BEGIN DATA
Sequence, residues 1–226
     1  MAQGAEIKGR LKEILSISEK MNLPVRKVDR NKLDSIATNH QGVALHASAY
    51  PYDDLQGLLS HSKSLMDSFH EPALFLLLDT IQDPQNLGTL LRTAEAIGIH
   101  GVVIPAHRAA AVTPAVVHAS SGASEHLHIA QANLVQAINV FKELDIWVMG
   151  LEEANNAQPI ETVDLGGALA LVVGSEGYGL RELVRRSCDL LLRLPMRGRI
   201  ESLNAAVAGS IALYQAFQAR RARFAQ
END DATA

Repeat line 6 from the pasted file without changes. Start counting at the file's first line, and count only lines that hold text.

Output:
   201  ESLNAAVAGS IALYQAFQAR RARFAQ